1

I'm building a simple language parser, and having an issue with lower precedence prefix expressions. Here's an example grammar:

E = E5
E5 = E4 'OR' E4 | E4
E4 = E3 'AND' E3 | E3
E3 = 'NOT' E3 | E2
E2 = E1 '==' E1 | E1
E1 = '(' E ')' | 'true' | 'false'

However, this grammar doesn't work correctly for the NOT, if it's used as the RHS of a higher precedence infix operator, i.e.:

true == NOT false

This is due to the == operator requiring E1 on the RHS, which cannot be a NOT operation.

I'm unsure the correct way to express this grammar? Is it still possible using this simplistic recursive descent approach, or will I need to move to a more featured algorithm (shunting yard or precedence climbing).

  • Note that true == (NOT false) does parse, due to the explicit parenthesis rule that restarts the evaluation from the top level. – Chris Leishman Jun 18 '14 at 10:06
  • Maybe use polish notation? E = E5 E5 = 'OR' E4 E4 | E4 E4 = 'AND' E3 E3 | E3 E3 = 'NOT' E3 | E2 E2 = '==' E1 E1 | E1 E1 = '(' E ')' | 'true' | 'false' – user2746020 Jun 18 '14 at 10:56
  • If I understand correctly, you want not E == E to parse as though it were not (E == E), but E == not E to parse as though it were E == (not E). That's possible but weird. If that's actually what you want, please make it clearer in the question. – rici Jun 18 '14 at 15:32
  • It's definitely weird, but that's the only logically valid way to parse E == not E. – Chris Leishman Jun 20 '14 at 23:21
  • Note - I've clarified and extended in stackoverflow.com/questions/24337000 – Chris Leishman Jun 20 '14 at 23:22
1

Assuming the following input and expected parses are correct:

  1. test 1
    • input: true == NOT false
    • output: (true == (NOT false))
  2. test 2
    • input: NOT true == false
    • output: (NOT (true == false))
  3. test 3
    • input: NOT true == NOT false
    • output: (NOT (true == (NOT false)))

Here's an (ANTLR4) grammar that does the trick:

grammar Expr;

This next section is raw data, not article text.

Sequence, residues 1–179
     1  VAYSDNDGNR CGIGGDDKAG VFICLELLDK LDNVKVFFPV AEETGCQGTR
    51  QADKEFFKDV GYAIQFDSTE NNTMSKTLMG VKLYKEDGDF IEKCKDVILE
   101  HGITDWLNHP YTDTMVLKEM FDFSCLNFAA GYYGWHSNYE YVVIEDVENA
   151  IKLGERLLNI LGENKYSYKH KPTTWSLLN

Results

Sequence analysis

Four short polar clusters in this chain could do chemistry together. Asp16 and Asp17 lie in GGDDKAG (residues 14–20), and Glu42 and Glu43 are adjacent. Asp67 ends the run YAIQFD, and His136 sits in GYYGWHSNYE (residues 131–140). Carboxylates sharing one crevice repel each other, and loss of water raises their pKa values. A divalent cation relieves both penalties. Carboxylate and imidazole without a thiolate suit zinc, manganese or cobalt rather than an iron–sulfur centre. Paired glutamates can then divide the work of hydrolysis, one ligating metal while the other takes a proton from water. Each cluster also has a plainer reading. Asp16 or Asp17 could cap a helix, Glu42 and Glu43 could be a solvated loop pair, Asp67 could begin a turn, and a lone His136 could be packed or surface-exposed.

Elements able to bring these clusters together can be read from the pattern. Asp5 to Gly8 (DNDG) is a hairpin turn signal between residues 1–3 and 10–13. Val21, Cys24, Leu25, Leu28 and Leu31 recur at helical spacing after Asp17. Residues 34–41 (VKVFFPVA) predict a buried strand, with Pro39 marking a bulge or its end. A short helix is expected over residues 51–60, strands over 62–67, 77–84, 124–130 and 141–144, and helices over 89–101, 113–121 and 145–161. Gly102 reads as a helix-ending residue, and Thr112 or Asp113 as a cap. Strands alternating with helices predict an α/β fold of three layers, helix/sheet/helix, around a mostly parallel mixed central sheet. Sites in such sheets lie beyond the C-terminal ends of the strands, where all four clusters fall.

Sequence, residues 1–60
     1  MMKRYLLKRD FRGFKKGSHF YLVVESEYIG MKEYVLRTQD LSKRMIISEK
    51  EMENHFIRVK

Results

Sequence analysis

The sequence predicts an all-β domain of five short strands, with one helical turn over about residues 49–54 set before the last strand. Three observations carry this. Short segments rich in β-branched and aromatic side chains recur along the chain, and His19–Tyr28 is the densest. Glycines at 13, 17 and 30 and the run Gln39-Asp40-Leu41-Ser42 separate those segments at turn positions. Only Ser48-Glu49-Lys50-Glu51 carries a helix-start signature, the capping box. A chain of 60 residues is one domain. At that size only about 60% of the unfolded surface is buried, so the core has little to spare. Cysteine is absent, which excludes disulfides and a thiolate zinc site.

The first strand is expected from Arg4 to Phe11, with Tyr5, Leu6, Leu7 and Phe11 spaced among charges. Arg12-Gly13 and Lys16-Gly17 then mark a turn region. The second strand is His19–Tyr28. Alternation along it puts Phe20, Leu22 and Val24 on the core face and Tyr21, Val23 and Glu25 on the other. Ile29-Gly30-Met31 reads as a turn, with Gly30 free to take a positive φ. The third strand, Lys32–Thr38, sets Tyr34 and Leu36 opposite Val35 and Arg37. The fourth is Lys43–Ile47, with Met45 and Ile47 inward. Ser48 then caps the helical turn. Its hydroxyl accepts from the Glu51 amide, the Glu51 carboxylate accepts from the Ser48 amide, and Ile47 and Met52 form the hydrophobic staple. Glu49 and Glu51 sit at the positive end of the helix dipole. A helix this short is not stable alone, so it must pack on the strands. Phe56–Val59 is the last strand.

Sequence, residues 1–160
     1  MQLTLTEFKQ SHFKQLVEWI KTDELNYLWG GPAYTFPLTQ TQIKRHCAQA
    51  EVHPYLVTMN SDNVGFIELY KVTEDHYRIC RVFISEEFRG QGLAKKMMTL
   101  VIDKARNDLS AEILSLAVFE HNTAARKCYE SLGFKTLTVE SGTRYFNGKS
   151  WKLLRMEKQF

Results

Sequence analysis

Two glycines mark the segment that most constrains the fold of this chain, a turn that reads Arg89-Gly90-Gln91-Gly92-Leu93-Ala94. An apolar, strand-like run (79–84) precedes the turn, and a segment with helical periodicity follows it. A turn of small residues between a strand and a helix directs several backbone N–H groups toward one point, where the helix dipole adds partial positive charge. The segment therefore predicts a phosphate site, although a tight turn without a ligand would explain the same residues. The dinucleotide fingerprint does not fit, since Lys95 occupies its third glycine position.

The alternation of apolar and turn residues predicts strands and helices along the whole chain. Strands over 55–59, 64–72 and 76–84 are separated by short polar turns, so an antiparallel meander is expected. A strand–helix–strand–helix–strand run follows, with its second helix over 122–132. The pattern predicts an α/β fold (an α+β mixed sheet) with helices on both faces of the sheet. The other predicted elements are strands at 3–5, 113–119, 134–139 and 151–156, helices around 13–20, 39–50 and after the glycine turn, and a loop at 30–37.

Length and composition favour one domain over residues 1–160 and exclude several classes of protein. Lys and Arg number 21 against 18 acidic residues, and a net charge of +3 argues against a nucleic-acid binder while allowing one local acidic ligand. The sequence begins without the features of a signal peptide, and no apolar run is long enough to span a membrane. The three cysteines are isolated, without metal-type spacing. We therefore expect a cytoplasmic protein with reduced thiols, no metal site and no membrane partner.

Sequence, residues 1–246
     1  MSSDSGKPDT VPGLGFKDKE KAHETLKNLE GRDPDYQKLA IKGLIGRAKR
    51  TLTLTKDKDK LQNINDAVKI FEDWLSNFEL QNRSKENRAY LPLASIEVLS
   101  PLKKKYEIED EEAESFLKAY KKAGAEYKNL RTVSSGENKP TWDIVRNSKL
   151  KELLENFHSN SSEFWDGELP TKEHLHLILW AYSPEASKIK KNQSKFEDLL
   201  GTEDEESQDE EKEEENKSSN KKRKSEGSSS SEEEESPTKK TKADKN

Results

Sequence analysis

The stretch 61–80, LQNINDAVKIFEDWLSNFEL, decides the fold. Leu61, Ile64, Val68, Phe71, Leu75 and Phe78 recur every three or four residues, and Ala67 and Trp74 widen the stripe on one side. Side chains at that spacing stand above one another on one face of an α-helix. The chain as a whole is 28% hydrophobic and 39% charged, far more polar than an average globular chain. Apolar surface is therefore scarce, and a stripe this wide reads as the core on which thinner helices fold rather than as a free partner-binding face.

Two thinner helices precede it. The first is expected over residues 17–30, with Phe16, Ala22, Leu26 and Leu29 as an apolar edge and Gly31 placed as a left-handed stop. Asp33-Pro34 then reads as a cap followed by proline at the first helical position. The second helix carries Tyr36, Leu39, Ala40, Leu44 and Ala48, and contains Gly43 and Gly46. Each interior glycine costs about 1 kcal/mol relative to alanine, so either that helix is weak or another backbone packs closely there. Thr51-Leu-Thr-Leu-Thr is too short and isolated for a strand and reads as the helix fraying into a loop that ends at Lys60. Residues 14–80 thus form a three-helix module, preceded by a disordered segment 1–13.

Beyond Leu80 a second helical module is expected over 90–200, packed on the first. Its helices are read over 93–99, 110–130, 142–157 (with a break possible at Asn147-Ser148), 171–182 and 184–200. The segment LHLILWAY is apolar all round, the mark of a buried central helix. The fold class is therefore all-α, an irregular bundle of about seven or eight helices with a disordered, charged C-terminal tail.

e : e5;
e5 : e4 'OR' e5 | e4;
e4 : e3 'AND' e4 | e3;
e3 : 'NOT' e3 | e2;
e2 : e1 '==' e3 | e1;
e1 : '(' e ')' | 'true' | 'false';

S : [ \t\r\n] -> skip;

Parses ANTLR created:

1

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2

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3

enter image description here

  • Nice summary, and nice graphs! I can see how that works, and it shows me that I over simplified the example - if there were multiple infix precedence levels higher than the NOT, this breaks down. I'll accept the answer, but I've also opened a new stackoverflow question with a more advanced example here: stackoverflow.com/questions/24337000 – Chris Leishman Jun 20 '14 at 23:19
0

Your language is also (unnecessarily) ambiguous. Fixing that helps you fix this problem, too.

Here, D is shorthand for "disjunction", C for conjunction, N for negation, and P for primary, E for equality.

D = C | C 'OR'  D
C = N | N 'AND' C
N = E |   'NOT' N
E = P | P '=='  P
P = '(' E ')' | 'true' | 'false'
  • 1
    In curiosity: how is it ambiguous? Your solution would help, except that it changes the precedence. == is supposed to bind more tightly than NOT, where instead you have reversed that. NOT 1==2 should parse as NOT(==(1, 2)), but yours will parse as ==((NOT 1), 2). – Chris Leishman Jun 19 '14 at 12:28
  • @ChrisLeishman: Yours is ambiguous when parsing true AND true AND true, it doesn't know how to group them. As for == binding more tightly, you can just fix that yourself... but I fixed it for you. Why the downvote? :( – user541686 Jun 19 '14 at 17:14
  • The downvote was because it changed the grammar to not be what I was after. But you fixed that now. However, the grammar you have now will not work E = P | P '==' P means that a 'NOT' term cannot exist on the RHS of '==' (only '(', 'true' or 'false'). – Chris Leishman Jun 20 '14 at 13:57
  • @ChrisLeishman: Do you have any guesses how to fix it yourself? – user541686 Jun 20 '14 at 17:47
  • If I did, I wouldn't be asking :) Other than to consider moving to a different algorithm (shunting yard or precedence climbing perhaps). – Chris Leishman Jun 21 '14 at 13:20
-2

Maybe use polish notation?

E = E5
E5 = 'OR' E4 E4 | E4
E4 = 'AND' E3 E3 | E3
E3 = 'NOT' E3 | E2
E2 = '==' E1 E1 | E1
E1 = '(' E ')' | 'true' | 'false'
  • 1
    That's not helpful for parsing the stated grammar. == is supposed to be infix. – Chris Leishman Jun 19 '14 at 12:26

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